The Big Sleep

Directed by Howard Hawks

Humphrey Bogart stars as private eye Marlowe, hired by General Sternwood to sort out the mess of his daughter Carmen’s life. Marlowe soon unravels a deadly web of deceit and corruption, which makes for a racy mystery as the body count mounts. A complex thriller, seductively quick-witted and a teasing commentary on genre conventions, The Big Sleep is one of the most richly entertaining films noirs ever made.

Chosen for My Noir by

Declan Clarke, artist and curator:

“Howard Hawks’ adaptation of The Big Sleep seems, in hindsight, to have been the perfect forging of a ready-made classic. One of the greatest Hollywood directors and the most iconic Hollywood screen couple (Humphrey Bogart and Lauren Bacall), in a film of a novel by an author now regarded as having invented modern crime fiction (Raymond Chandler), scripted by a Nobel Prize-winning author (William Faulkner) and two of Hollywood’s most lauded screenwriters (Leigh Brackett and Jules Furthman). What could possibly go wrong?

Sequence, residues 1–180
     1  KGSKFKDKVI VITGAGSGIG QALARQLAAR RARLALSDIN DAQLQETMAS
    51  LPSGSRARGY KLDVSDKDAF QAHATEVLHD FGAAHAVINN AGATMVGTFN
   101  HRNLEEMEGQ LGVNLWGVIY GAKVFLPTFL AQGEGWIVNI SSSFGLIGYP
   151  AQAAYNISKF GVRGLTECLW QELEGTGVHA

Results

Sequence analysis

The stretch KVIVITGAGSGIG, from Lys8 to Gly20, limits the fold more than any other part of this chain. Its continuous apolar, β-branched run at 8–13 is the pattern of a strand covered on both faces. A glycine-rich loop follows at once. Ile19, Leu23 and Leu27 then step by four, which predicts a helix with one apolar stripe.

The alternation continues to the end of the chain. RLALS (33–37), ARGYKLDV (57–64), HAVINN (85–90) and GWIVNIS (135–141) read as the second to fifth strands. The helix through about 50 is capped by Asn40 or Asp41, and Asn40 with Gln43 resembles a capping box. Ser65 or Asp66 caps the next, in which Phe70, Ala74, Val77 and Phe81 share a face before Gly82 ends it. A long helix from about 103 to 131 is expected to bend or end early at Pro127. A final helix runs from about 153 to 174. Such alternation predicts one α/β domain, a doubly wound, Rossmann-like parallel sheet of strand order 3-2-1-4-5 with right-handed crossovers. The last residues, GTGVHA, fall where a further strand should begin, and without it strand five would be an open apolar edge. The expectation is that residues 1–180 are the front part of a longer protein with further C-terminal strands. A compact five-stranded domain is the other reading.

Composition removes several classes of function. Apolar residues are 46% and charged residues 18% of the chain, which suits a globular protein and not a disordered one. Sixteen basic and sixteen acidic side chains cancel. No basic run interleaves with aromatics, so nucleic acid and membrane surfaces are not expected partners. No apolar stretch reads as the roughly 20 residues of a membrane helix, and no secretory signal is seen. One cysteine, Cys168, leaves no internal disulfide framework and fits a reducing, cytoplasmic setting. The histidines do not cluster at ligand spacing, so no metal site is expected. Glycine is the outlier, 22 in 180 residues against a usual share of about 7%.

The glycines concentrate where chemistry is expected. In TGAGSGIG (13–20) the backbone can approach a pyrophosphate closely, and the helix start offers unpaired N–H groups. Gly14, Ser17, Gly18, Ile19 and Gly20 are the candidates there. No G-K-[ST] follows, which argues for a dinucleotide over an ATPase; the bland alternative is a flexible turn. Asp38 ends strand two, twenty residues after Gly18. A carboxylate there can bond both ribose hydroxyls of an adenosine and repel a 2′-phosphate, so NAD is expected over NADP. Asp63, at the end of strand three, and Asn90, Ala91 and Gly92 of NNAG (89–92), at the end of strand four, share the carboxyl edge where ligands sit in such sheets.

Well, as it transpires, nothing. But plenty could have. A troubled shoot was compounded by an early test screening being a flop with audiences. Some reshoots later, the film is an almost perfect example of North American Noir. Light-hearted despite the dark subject matter, Marlowe (Bogart) and Mrs. Rutledge (Bacall) burn all in their path as they exchange deadly one-liners and almost lecherous ‘knowing glances’. The film has a reputation for having an overly-complicated plot but, in actual fact, it’s a daring and radical piece of filmmaking by Hawks. Why explain everything? And, why let the nuances of a layered plot supersede eye-watering chemistry on screen? With the pallid and anaemic plotting that passes for drama in contemporary Hollywood cinema, The Big Sleep is a film to be savored.”

114 minutes


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